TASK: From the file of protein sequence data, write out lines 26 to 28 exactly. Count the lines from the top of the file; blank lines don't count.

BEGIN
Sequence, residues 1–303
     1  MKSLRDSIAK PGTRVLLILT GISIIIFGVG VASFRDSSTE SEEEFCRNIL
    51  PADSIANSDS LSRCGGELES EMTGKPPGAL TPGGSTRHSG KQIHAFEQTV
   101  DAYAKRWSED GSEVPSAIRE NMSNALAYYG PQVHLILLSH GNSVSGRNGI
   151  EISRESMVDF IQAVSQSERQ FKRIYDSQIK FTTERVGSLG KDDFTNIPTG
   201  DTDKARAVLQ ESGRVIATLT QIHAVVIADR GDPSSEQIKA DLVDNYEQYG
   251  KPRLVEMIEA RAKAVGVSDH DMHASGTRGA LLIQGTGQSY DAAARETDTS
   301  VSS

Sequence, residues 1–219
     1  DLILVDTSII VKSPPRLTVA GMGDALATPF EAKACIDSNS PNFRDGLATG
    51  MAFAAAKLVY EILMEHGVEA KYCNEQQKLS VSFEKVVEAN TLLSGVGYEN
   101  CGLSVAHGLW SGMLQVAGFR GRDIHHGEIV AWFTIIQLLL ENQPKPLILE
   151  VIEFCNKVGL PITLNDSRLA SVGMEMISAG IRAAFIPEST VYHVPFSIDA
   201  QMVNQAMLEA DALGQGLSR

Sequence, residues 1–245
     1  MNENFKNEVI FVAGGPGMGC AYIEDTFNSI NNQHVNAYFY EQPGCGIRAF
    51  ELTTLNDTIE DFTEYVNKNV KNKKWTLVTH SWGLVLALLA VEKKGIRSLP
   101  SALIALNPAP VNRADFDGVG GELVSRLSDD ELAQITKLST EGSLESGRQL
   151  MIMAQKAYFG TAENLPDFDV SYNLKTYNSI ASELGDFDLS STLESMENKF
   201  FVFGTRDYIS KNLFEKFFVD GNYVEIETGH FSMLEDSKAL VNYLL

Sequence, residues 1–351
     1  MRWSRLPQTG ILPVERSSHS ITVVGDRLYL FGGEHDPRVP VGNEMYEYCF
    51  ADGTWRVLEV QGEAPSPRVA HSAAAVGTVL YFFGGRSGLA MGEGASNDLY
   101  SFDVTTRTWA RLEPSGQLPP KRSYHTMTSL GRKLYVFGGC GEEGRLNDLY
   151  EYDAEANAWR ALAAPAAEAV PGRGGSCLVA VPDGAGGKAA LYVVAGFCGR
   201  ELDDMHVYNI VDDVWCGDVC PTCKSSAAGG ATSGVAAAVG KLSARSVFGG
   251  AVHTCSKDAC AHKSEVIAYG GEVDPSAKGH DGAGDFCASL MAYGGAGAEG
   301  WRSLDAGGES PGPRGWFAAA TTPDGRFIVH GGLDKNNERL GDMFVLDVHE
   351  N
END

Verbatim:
   201  ELDDMHVYNI VDDVWCGDVC PTCKSSAAGG ATSGVAAAVG KLSARSVFGG
   251  AVHTCSKDAC AHKSEVIAYG GEVDPSAKGH DGAGDFCASL MAYGGAGAEG
   301  WRSLDAGGES PGPRGWFAAA TTPDGRFIVH GGLDKNNERL GDMFVLDVHE